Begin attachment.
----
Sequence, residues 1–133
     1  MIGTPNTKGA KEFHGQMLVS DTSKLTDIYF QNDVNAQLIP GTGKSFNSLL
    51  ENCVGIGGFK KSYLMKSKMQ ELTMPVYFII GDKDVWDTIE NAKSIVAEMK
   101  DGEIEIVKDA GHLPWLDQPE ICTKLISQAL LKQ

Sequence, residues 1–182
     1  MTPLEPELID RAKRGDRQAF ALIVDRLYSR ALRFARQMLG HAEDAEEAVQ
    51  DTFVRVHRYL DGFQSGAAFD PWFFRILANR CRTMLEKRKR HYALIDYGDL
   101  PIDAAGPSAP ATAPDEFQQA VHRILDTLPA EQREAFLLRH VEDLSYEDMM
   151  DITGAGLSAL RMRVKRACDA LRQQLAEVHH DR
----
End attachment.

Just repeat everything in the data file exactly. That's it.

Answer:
Sequence, residues 1–133
     1  MIGTPNTKGA KEFHGQMLVS DTSKLTDIYF QNDVNAQLIP GTGKSFNSLL
    51  ENCVGIGGFK KSYLMKSKMQ ELTMPVYFII GDKDVWDTIE NAKSIVAEMK
   101  DGEIEIVKDA GHLPWLDQPE ICTKLISQAL LKQ

Sequence, residues 1–182
     1  MTPLEPELID RAKRGDRQAF ALIVDRLYSR ALRFARQMLG HAEDAEEAVQ
    51  DTFVRVHRYL DGFQSGAAFD PWFFRILANR CRTMLEKRKR HYALIDYGDL
   101  PIDAAGPSAP ATAPDEFQQA VHRILDTLPA EQREAFLLRH VEDLSYEDMM
   151  DITGAGLSAL RMRVKRACDA LRQQLAEVHH DR